In Part 1 of our Google Analytics series, I showed you how to add the Analytics code to your website. In this post, I’ll show you what data gets collected and help you figure out what it’s telling you about your website.
Let’s take a look at the “Standard Reporting” for my brand new website. This site hasn’t launched yet, so the only traffic we’ll see is the one or two times I’ve visited it while adding the Analytics code.
Audience – who is visiting our site.
Demographics – what countries are they located in and what languages do they speak
Behavior – are they new here or returning visitors.
Technology – what browsers are they using, what network are they on?
Mobile – how many are using mobile and what devices are they using
Traffic Sources – where are they coming from
Sources – are they here via a link, a search or a direct visit
Search – what search terms led them to you
Google Analytics Graphs
The graphs take up most of the screen and give you a quick visual clue as to how your site is doing. Let’s take a look at what’s here:
That great big graph on the top is the number of VISITS in the last month. You can change it to hourly, daily, weekly or monthly. You can even change the time frame and compare it to a previous time period. As you can see, my new site has only 2 visits today.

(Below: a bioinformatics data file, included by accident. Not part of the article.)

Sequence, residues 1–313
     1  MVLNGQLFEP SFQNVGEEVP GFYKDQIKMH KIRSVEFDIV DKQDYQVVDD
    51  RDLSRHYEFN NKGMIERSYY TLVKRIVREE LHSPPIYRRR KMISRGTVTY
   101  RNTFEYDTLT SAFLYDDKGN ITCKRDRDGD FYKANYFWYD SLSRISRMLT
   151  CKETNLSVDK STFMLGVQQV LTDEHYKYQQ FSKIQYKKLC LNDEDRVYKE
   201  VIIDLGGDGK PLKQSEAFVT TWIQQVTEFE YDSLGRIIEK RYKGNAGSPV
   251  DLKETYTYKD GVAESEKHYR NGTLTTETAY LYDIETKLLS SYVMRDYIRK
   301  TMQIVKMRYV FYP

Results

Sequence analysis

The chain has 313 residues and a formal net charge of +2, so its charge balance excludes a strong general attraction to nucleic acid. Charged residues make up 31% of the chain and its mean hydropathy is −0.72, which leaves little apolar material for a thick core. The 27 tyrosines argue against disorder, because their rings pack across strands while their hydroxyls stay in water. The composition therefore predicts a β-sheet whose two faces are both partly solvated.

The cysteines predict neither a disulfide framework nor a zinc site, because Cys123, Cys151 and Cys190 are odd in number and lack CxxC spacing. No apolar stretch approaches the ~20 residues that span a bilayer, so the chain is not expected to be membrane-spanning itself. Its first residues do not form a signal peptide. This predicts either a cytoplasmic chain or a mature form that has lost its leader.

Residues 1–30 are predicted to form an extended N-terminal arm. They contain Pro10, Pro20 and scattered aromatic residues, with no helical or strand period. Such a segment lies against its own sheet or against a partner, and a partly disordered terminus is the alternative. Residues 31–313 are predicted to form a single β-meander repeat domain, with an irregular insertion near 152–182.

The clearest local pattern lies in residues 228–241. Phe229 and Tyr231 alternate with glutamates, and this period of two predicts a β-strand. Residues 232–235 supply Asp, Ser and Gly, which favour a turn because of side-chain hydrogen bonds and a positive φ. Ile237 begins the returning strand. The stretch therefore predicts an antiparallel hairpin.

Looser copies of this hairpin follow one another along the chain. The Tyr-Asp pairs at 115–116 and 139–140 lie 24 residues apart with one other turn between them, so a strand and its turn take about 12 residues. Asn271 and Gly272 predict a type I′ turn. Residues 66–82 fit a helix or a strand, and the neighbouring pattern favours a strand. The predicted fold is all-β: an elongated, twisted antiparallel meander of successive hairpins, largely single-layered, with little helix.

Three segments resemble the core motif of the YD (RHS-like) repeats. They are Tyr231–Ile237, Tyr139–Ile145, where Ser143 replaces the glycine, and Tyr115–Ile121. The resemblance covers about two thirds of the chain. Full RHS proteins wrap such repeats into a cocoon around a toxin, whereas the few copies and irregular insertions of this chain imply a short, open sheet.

Below this big graph, you’ll see a bunch of smaller graphs and a pie chart. That pie chart tells you how many of your visitors were new vs. returning. Click on any one of those little graphs and it will take the place of the Visits chart so you can see the data better.
Visits – this is how many times someone has navigated to any of the pages on your website that have the tracking code installed.
Unique Visitors – If someone visits twice, they will only be counted as one unique visitor.
Pageviews – how many total pages have been viewed. If a page is viewed more than once, it gets counted each time someone looks at it.
Pages/Visit – when someone comes to your site, how many pages do they look at?
Average visit duration – how long does someone linger on your site? If it’s a few seconds, you know that they didn’t find what they were looking for.
Bounce Rate – this is always fun to explain: it is the percentage of visitors who visit your site and “bounce” (leave the site) instead of staying to view other pages.
% New visits – how many of the people haven’t visited your website before
In Part 3, we’ll look at a real example and talk about some strategies we might take. In the meantime, if you have questions about Analytics – ask them below.